• SPIDER (2007) 9'
Directed by Nash Edgerton (The Square)
Jack and Jill have a lover's tiff while driving along a city road. It's all fun and games until someone loses an eye.


• CHERITH (1987) 17'
Directed by Shirley Barrett (South Solitary, Love Serenade)
Cherith is the awkward teenage daughter of an evangelist preacher. Unlike the rest of the flock, she hasn't mastered the art of speaking in tongues, and secretly spends her spare time writing poems about boys. A wry and comical look at Christian fundamentalism.

• UNCLE (1996) 6'
Directed by Adam Elliot (Mary and Max, Harvie Krumpet)
Animation: A nephew recalls the sometimes-lonely and often-eccentric life of his beloved uncle.

• TEARS (1998) 15'
Directed by Ivan Sen (Beneath Clouds)
Two teenagers walk from the certainty of life on the 'mish' to a bus stop and enter uncertain dreams of a life somewhere else. At the bus stop both of them have to make a decision.

• CROSSBOW (2007) 14'
Directed by David Michôd (Animal Kingdom)
A kid. His mum and dad. The sex and drugs. And the boy next door who watched the whole thing unravel.


• SWIMMING (1990) 11'
Directed by Belinda Chayko (Lou)
A 12-year-old girl decides to make an autobiographical video. But she cannot write her own life.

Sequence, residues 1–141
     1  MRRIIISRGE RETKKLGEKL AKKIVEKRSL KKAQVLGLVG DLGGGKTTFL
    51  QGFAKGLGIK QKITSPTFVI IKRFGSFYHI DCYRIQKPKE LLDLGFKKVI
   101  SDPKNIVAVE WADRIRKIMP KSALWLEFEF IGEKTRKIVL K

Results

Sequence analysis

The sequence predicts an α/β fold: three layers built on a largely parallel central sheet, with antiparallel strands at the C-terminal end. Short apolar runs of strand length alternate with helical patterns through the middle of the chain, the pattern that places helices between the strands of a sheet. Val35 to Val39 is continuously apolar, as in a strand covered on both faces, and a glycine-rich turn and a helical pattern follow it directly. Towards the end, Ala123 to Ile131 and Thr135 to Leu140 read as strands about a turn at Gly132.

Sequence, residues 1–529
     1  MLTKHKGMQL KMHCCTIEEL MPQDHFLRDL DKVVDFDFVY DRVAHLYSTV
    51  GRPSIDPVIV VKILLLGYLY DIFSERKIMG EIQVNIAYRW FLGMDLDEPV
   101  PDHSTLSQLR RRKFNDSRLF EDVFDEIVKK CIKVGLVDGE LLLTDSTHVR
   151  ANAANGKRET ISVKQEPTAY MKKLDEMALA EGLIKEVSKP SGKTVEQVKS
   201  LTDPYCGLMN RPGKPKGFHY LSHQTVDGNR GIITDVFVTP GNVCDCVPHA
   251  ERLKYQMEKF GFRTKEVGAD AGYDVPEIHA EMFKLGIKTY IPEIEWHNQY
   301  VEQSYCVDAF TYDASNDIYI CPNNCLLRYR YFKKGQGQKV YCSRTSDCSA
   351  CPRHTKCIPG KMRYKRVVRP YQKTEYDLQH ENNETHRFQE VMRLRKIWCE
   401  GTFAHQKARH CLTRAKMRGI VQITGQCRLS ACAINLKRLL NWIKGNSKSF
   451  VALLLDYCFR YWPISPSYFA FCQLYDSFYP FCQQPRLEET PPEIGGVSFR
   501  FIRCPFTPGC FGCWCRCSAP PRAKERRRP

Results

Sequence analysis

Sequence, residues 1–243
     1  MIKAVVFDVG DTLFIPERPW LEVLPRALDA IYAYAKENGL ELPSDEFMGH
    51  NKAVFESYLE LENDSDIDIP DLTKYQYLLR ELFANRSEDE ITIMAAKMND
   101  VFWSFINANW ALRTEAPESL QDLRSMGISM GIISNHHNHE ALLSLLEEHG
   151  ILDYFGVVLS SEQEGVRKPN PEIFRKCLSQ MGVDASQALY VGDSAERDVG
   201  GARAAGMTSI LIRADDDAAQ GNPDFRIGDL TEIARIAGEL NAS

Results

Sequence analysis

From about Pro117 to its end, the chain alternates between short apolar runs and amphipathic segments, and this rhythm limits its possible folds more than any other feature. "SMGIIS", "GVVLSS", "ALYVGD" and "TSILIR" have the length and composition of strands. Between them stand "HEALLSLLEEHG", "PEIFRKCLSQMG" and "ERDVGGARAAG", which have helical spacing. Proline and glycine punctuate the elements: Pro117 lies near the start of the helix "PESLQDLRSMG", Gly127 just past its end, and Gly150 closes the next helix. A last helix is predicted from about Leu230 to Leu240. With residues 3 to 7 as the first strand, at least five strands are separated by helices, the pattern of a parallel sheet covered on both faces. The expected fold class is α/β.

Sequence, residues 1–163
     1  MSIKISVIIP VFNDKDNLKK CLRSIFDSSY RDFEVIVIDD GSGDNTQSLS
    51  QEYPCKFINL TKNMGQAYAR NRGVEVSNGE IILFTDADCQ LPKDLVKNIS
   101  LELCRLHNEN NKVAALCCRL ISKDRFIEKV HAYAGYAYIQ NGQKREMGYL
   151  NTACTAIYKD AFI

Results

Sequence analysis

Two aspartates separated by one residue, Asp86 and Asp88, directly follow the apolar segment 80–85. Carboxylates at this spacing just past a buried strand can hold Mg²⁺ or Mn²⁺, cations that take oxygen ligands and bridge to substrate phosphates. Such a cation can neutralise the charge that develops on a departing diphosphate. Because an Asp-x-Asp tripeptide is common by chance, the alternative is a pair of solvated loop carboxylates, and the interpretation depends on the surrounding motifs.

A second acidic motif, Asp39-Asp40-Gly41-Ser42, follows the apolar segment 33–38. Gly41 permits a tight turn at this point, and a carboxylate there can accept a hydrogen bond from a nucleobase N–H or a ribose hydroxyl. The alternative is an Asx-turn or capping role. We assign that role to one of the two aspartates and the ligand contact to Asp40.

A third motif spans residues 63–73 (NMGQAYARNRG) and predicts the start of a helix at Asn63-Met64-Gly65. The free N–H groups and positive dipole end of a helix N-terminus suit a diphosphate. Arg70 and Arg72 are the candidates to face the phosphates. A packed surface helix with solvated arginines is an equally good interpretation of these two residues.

• TRAN THE MAN (1994) 18'
Directed by Rowan Woods (Little Fish, The Boys)
Ray Moss has been nicknamed 'Tran' by his Asian workmates in his job as a security guard at a shopping centre in suburban Cabramatta. For Ray, the heat is on. His brother Donny and Uncle Jack have had their heroin business undercut by Asian-controlled competition in Cabramatta and Donny and Jack want Ray as their go-between.

• THE SAVIOUR (2005) 17'
Directed by Peter Templeman
A young Church elder struggles with his faith when the married woman he has been seeing breaks off their relationship.

• NANA (2007) 5'
Directed by Warwick Thornton (Samson and Delilah)
Nana's granddaughter thinks Nana's pretty special. She loves her Nana because she helps the old people, she's a good painter and other people love her too. Nana's got everyone under control.